It’s nothing short of incredible that Adult Swim has been able to grow from a partial programming block on Cartoon Network to one of the primary homes for adult-oriented animation and a breeding ground for new and post-modern content. Adult Swim hasn’t abused this good will and the network has slowly put together more polished programming and amassed a growing stable of celebrated talent. The block started as a place to watch “forbidden” episodes of classic animated series and programs like Space Ghost Coast to Coast, Harvey Birdman, Attorney at Law, and Sealab 2021, which took old Cartoon Network properties and re-appropriated them in new and mature ways.
Adult Swim has progressed beyond this point and even become a network that doesn’t just feature impressive animated content, but an enviable slate of live-action programming, too. It’s been able to evolve far beyond the original mandate of Turner’s Cartoon Network and just focus on programming that’s funny and different, regardless of the medium. As exciting as it’s been to see content creators like Rob Corddry, Adam Reed, Dan Harmon, Loren Bouchard, and so many others use the platform for great things, it’s often even more of a reason to celebrate when the network is able to help discover and foster new talent. Adult Swim’s popularity has never been higher and it has more eyes on it than ever before, which is why it’s such an important time for them to be making a shift back to more undiscovered voices on platforms like YouTube who can benefit from Adult Swim’s support more than anyone else.
Curiously, during the infancy of Adult Swim’s development the ambitious programming block was designed to be the YouTube of television just as much as it was meant to be a home for more adult animation. Adult Swim wanted to carry the kind of content that couldn’t be seen anywhere else and to tap into the gonzo and unbridled material that would be stumbled upon on the Internet. Adult Swim has approached creators that come from all different sorts of fields, but in the past few years there’s been a heavy return to creatives that have grown out of the YouTube scene and built an audience through their earlier works.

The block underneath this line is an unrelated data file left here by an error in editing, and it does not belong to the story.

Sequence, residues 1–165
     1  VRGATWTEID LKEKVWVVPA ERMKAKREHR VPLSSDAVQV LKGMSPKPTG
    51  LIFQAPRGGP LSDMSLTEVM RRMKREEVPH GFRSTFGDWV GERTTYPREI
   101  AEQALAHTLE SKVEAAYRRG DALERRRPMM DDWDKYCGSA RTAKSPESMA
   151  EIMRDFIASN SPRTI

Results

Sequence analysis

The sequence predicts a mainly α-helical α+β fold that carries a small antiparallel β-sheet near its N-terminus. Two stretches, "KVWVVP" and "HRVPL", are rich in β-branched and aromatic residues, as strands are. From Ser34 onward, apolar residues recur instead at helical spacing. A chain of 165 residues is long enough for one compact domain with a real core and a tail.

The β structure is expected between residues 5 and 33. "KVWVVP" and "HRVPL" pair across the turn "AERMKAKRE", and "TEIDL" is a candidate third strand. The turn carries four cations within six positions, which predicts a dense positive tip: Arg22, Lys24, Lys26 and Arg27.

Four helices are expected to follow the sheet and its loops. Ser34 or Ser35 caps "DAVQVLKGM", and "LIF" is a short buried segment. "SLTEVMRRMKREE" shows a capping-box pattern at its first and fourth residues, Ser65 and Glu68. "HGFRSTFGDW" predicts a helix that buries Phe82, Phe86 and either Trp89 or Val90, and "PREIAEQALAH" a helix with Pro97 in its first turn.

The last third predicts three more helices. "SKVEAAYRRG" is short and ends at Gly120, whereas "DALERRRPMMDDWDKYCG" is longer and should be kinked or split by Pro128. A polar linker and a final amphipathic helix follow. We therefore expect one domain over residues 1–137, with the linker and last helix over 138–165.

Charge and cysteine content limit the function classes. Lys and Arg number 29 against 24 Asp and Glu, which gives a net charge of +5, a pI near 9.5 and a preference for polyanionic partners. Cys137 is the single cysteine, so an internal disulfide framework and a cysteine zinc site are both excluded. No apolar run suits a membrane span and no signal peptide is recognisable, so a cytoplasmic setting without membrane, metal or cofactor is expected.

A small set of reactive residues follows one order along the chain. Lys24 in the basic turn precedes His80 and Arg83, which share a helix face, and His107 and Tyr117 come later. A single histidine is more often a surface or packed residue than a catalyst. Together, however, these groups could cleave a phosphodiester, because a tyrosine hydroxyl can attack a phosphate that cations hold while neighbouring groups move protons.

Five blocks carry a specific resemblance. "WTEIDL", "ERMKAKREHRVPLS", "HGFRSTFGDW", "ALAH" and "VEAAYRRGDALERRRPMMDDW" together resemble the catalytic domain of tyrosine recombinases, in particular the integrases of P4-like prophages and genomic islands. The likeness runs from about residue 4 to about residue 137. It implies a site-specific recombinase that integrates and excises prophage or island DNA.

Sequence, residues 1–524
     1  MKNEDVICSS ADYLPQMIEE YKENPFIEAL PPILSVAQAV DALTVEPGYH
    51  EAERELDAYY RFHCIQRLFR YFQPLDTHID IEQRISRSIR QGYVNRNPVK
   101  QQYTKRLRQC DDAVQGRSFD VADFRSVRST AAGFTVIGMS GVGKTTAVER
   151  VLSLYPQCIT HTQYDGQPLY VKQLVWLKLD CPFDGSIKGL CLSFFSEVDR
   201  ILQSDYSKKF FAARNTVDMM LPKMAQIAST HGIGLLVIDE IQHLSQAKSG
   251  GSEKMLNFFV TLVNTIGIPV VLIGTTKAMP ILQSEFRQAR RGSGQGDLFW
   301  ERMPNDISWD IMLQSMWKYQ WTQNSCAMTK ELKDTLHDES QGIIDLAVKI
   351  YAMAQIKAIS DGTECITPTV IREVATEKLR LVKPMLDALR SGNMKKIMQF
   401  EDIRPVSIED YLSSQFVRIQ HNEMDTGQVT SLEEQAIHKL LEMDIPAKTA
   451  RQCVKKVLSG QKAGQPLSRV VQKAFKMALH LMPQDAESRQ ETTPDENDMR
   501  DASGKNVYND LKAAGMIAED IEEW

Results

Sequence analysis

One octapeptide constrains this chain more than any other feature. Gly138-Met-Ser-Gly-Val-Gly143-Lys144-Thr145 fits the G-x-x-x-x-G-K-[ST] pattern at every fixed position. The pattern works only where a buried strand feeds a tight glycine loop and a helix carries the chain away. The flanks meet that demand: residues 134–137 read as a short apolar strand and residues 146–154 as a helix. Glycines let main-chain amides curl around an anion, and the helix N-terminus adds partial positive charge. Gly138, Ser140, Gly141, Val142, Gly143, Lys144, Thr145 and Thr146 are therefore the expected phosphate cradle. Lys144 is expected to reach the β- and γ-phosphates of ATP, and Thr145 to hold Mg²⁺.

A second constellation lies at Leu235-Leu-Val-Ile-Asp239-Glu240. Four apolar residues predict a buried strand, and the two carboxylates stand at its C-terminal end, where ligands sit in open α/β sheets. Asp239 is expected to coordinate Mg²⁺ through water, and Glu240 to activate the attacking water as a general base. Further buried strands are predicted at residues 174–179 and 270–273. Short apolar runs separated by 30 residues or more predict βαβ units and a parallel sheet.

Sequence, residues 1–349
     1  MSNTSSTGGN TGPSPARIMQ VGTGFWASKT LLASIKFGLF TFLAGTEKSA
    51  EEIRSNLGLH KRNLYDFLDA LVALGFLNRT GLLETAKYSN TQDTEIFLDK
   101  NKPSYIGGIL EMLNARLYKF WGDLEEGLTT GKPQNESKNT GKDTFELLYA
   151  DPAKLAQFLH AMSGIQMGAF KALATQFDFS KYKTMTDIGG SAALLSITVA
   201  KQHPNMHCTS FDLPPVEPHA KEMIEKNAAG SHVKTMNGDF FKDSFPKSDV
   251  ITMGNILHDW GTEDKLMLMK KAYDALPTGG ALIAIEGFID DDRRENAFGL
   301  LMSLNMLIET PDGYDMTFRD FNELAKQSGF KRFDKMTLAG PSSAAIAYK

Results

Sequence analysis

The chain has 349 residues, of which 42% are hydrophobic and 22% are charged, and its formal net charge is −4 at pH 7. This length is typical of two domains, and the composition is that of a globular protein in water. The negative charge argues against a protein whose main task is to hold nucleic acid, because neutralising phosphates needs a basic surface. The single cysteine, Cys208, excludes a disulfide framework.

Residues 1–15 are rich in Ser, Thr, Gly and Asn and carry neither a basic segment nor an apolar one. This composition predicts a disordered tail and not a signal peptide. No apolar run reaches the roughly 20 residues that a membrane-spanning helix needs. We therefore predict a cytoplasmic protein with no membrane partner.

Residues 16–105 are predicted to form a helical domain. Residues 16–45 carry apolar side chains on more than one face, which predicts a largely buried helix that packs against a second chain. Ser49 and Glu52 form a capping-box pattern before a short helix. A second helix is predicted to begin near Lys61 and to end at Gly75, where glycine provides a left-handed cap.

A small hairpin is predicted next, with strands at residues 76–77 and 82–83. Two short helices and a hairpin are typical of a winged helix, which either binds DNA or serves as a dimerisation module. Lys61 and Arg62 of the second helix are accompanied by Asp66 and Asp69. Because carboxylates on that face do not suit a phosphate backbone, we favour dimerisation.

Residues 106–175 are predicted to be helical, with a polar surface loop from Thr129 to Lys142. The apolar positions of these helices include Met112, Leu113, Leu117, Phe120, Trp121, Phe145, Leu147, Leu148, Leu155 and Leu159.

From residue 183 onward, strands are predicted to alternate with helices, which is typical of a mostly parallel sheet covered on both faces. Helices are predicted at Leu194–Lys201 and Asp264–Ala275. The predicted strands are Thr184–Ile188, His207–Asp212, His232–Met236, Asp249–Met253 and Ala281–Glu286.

It’s very enjoyable to watch a polished project that has a decent budget behind it like Rick and Morty or The Venture Bros., but it’s sometimes more satisfying to come across something that feels like it shouldn’t have been seen; that it’s part of some weird underbelly of the animation world. Taking advantage of this kind of content and the enthusiastic energy behind it has helped Adult Swim build some of their more distinct and interesting programming of their current generation. They’re also the shows that are the most willing to push boundaries (due to how them come from outside of the system) and most closely resemble Adult Swim’s original slate of iconic programming.